Above all, write. I’ve met too many people who talk about writing but never actually write. You learn by doing, tweaking, editing, and re-writing. You can’t learn by simply thinking about it. Secondly, read. Read both broadly and in your chosen genre. Read critically as well as for enjoyment. See what works and doesn’t work, analyze how a writer you admire handles the things that give you trouble. And lastly, live life and keep your eyes open.
There are lots of books that cover techniques, and they are good to read, but read them with a healthy dose of skepticism. Classes and critique groups can also be a great help.
How can readers find your books?
My books are all available in print and digital formats, and, in increasing numbers, as audio books. They can be found at Amazon, Barnes & Noble, iBooks, Kobo, as well as through independent bookstores where they can be ordered if they aren’t in stock. All of the books were initially in libraries, although over time I’m sure copies have been lost.
Murder Among Neighbors is one of the books featured in Sleuthing Women: 10 First-in-Series Mysteries, a collection of full-length mysteries featuring murder and assorted mayhem by ten critically acclaimed, award-winning, and bestselling authors. Each novel in the set is the first book in an established multi-book series—a total of over 3,000 pages of reading pleasure for lovers of amateur sleuth, caper, and cozy mysteries, with a combined total of over 1700 reviews on Amazon, averaging 4 stars.
Assault With a Deadly Glue Gun, an Anastasia Pollack Crafting Mystery by Lois Winston—Working mom Anastasia is clueless about her husband’s gambling addiction until he permanently cashes in his chips and her comfortable middle-class life craps out. He leaves her with staggering debt, his communist mother, and a loan shark demanding $50,000. Then she’s accused of murder…
Murder Among Neighbors, a Kate Austen Suburban Mystery by Jonnie Jacobs — When Kate Austen’s socialite neighbor, Pepper Livingston, is murdered, Kate becomes involved in a sea of steamy secrets that bring her face to face with shocking truths—and handsome detective Michael Stone.
Skeleton in a Dead Space, a Kelly O’Connell Mystery by Judy Alter—Real estate isn’t a dangerous profession until Kelly O’Connell stumbles over a skeleton and runs into serial killers and cold-blooded murderers in a home being renovated in Fort Worth. Kelly barges through life trying to keep from angering her policeman boyfriend Mike and protect her two young daughters.
In for a Penny, a Cleopatra Jones Mystery by Maggie Toussaint—Accountant Cleo faces an unwanted hazard when her golf ball lands on a dead banker. The cops think her BFF shot him, so Cleo sets out to prove them wrong. She ventures into the dating world, wrangles her teens, adopts the victim’s dog, and tries to rein in her mom…until the killer puts a target on Cleo’s back.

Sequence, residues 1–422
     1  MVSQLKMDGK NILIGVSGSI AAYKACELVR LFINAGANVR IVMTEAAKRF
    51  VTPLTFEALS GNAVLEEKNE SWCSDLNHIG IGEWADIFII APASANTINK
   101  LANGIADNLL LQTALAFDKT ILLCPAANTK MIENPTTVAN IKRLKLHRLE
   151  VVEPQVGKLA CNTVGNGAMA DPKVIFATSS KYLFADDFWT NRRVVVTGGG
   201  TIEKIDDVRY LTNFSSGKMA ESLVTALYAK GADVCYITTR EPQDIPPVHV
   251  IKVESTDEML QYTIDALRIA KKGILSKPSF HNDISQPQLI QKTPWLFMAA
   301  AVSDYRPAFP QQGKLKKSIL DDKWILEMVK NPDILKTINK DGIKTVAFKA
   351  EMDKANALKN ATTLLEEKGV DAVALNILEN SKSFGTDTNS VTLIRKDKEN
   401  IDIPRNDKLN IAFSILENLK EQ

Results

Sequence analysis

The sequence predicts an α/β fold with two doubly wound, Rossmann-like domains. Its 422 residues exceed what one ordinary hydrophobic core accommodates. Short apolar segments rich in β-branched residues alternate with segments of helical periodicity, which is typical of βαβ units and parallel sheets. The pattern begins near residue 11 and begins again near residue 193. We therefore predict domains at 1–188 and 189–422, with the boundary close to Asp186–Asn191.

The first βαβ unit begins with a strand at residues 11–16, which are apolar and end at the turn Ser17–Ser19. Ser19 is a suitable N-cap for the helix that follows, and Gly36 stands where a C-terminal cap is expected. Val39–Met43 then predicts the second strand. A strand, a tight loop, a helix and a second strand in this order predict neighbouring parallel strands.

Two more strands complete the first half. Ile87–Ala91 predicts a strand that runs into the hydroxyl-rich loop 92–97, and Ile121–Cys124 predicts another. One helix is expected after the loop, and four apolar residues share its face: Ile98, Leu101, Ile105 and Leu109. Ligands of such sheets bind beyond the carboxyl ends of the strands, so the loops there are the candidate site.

The Hydrogen Murder, a Periodic Table Mystery by Camille Minichino—A retired physicist returns to her hometown of Revere, Massachusetts and moves into an apartment above her friends’ funeral home. When she signs on to help the Police Department with a science-related homicide, she doesn’t realize she may have hundreds of cases ahead of her.
Retirement Can Be Murder, A Baby Boomer Mystery by Susan Santangelo—Carol Andrews dreads her husband Jim’s upcoming retirement more than a root canal without Novocain. She can’t imagine anything worse than having an at-home husband with time on his hands and nothing to fill it—until Jim is suspected of murdering his retirement coach.
Dead Air, A Talk Radio Mystery by Mary Kennedy—Psychologist Maggie Walsh moves from NY to Florida to become the host of WYME’s On the Couch with Maggie Walsh. When her guest, New Age prophet Guru Sanjay Gingii, turns up dead, her new roommate Lark becomes the prime suspect. Maggie must prove Lark innocent while dealing with a killer who needs more than just therapy.
A Dead Red Cadillac, A Dead Red Mystery by RP Dahlke—When her vintage Cadillac is found tail-fins up in a nearby lake, the police ask aero-ag pilot Lalla Bains why an elderly widowed piano teacher is found strapped in the driver’s seat. Lalla confronts suspects, informants, cross-dressers, drug-running crop dusters, and a crazy Chihuahua on her quest to find the killer.
Murder is a Family Business, an Alvarez Family Murder Mystery by Heather Haven—Just because a man cheats on his wife and makes Danny DeVito look tall, dark and handsome, is that any reason to kill him? The reluctant and quirky PI, Lee Alvarez, has her work cut out for her when the man is murdered on her watch. Of all the nerve.
Murder, Honey, a Carol Sabala Mystery by Vinnie Hansen—When the head chef collapses into baker Carol Sabala’s cookie dough, she is thrust into her first murder investigation. Suspects abound at Archibald’s, the swanky Santa Cruz restaurant where Carol works. The head chef cut a swath of people who wanted him dead from ex-lovers to bitter rivals to greedy relatives.
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Jonnie Jacobs is the author of fifteen novels. A former practicing attorney, she lives near San Francisco with her husband. Find her at http://www.jonniejacobs.com.